Cloquet School Budget NotesWe are in the time of year when, if school funding is not sufficient, we have to make school budget reductions. The following paragraphs list a few of the budget considerations and actions that the Cloquet School District is taking.
By: Ken Scarbrough, Superintendent, Pine Journal
We are in the time of year when, if school funding is not sufficient, we have to make school budget reductions. The following paragraphs list a few of the budget considerations and actions that the Cloquet School District is taking.
1. State Surplus. The February 2012 state budget forecast shows over a $300 million surplus. The good news is that it is not another deficit, and the state can pay school districts some of what it has borrowed from them. Cloquet schools, instead of only receiving 60 percent of our current year funding during this school year, will receive 64 percent. In other words, the state will now withhold $7.2 million in payments to the Cloquet School District instead of $8.0 million. This forecast also means that state legislators should not be considering the 50 percent withholding of payments for next year that was being considered had there been a worse economic forecast.
2. Ten Instructional Days. The school board has enacted the administrative recommendation to reduce 10 instructional days from the school calendar. This will more than meet minimum state instructional time requirements, and the school district should realize over $200,000 in savings in transportation and personnel costs. Principals will be working with their teachers to find ways to maximize instructional time during the days students are in school. Our principals, teachers, parents and students have shown that they can work hard to achieve excellence. This will be one more way that they will demonstrate learning excellence and the desire and ability to achieve great things.
3. Restructure Half-Day Kindergarten. The district has two of 11 kindergarten sections meeting half days. Buses have to pick up the morning section in the middle of the day to take those students home, while they also have to pick up the afternoon kindergarteners to take them to school. By restructuring these half-time kindergarten sections to meeting full days every other day and alternating Fridays, the school district can save over $100,000 in transportation costs.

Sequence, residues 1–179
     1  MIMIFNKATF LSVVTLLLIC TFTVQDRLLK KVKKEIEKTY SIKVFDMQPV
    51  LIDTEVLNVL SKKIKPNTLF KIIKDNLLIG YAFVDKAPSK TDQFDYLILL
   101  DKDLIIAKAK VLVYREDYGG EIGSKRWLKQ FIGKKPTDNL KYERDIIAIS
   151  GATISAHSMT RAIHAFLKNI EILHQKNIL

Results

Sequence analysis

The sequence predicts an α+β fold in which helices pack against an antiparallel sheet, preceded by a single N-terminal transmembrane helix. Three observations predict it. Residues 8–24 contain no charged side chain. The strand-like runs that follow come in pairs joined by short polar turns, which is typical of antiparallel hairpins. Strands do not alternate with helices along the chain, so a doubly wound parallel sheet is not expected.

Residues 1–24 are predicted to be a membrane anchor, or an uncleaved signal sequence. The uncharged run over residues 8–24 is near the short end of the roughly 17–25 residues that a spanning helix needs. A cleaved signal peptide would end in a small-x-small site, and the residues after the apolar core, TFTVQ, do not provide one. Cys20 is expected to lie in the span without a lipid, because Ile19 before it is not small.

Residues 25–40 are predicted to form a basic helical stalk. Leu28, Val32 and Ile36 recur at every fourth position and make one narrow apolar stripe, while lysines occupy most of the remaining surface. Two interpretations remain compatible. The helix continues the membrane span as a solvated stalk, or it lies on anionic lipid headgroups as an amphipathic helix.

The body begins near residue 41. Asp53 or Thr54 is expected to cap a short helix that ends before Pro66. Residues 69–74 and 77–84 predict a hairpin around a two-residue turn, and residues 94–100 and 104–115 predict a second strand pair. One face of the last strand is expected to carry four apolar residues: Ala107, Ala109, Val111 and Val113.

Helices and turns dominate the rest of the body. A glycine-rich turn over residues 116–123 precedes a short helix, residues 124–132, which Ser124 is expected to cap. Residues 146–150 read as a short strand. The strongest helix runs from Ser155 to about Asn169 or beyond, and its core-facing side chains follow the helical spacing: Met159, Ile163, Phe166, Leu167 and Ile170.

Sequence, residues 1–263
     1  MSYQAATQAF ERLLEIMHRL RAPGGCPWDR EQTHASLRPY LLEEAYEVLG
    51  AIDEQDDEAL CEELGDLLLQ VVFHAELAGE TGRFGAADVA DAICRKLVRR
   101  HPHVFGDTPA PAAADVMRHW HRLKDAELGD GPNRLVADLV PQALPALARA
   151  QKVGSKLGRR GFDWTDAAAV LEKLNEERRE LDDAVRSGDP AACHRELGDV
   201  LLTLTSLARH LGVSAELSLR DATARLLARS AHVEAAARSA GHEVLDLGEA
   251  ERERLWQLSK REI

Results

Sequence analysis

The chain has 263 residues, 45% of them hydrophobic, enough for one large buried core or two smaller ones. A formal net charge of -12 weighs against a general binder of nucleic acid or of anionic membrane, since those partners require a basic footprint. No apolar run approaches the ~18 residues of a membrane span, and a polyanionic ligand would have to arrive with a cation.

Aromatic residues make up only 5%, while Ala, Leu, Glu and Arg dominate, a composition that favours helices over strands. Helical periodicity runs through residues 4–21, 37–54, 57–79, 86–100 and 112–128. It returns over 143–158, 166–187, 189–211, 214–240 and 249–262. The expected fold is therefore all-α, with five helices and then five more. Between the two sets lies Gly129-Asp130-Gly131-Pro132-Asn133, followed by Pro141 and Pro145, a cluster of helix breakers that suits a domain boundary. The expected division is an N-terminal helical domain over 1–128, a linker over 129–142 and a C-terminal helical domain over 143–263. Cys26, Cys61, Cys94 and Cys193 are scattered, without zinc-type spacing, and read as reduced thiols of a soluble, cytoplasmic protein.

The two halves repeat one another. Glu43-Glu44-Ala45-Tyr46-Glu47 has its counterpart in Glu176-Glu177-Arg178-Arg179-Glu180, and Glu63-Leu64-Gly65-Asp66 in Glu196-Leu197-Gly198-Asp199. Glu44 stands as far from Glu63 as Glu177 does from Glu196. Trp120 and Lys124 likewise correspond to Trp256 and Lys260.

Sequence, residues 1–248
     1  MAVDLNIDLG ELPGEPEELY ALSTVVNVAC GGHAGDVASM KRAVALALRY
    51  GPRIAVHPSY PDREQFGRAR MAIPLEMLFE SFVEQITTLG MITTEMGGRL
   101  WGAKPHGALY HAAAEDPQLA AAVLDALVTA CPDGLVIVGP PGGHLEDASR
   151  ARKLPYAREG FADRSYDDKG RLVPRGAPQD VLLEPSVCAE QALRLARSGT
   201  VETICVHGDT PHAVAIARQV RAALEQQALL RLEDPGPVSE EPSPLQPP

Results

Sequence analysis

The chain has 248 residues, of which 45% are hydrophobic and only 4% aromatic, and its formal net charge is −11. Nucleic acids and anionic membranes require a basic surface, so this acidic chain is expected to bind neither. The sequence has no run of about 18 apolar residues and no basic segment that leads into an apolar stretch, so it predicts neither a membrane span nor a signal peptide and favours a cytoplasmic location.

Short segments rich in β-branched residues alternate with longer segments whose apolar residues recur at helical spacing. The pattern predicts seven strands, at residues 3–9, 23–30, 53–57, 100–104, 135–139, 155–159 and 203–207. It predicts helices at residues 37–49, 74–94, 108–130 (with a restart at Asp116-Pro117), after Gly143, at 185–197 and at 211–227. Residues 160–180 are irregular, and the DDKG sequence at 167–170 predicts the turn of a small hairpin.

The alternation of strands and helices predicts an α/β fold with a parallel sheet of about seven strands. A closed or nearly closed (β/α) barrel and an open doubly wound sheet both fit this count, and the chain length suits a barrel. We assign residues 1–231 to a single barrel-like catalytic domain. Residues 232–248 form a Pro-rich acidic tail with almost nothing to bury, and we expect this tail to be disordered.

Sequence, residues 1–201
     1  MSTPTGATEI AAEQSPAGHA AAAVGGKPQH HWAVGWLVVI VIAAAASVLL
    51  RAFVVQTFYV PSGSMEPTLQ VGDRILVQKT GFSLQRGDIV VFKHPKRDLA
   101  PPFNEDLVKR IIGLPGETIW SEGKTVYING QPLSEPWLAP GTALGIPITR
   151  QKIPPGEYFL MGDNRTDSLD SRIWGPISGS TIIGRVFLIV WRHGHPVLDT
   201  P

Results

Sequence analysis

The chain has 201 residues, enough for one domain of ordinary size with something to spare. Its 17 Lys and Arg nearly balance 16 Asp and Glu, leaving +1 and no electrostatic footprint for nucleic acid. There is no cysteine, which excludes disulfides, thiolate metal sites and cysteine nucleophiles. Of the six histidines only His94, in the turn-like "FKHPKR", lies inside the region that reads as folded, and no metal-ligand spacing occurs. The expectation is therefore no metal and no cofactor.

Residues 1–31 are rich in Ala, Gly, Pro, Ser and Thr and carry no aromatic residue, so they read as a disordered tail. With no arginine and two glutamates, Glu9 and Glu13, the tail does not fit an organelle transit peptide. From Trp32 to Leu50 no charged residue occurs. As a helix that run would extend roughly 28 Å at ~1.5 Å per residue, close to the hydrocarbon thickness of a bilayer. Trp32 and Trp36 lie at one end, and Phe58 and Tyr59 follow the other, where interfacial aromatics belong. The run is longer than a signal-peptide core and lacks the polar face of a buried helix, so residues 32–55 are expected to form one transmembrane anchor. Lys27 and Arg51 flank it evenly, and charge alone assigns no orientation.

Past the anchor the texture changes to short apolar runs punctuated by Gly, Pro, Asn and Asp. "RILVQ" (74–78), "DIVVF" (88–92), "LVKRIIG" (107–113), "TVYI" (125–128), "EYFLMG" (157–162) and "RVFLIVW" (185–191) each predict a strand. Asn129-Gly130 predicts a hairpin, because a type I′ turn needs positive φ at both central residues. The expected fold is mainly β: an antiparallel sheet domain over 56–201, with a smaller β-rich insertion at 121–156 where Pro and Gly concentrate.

4. Deficit Spending. The district is projecting a $1.2 million deficit next year, so additional budget reductions will have to be made. The goal is to reduce that deficit in half and dip into fund balance to operate schools next year.
Budget reductions are usually painful, and they always mean that we will be doing without some things that we have had in place. During last fall’s referendum campaign, possible budget reductions such as reduced instructional days were presented to our public to help them decide how to vote. Even though we are in some tough economic times, our citizens extended the current operating referendum. We are very grateful this was done, so our budget reductions would not have to be more severe. The second referendum failed, so now we have to plan to operate our schools without that increase in revenue to offset the lack of state funding. As we do this, know that we appreciate the hard work that our students, parents, school employees, and school volunteers are putting in to help our school district continue to be successful in preparing our students for the future.
What do you think?
Do you approve of the board’s decision? Why or why not? If you don’t approve, where do you think they should cut instead?
The Pine Journal will publish reader-submitted letters and columns on the district’s decision to shorten the school year in the March 29 issue. Email your thoughts on the shorter school year by noon March 27 to firstname.lastname@example.org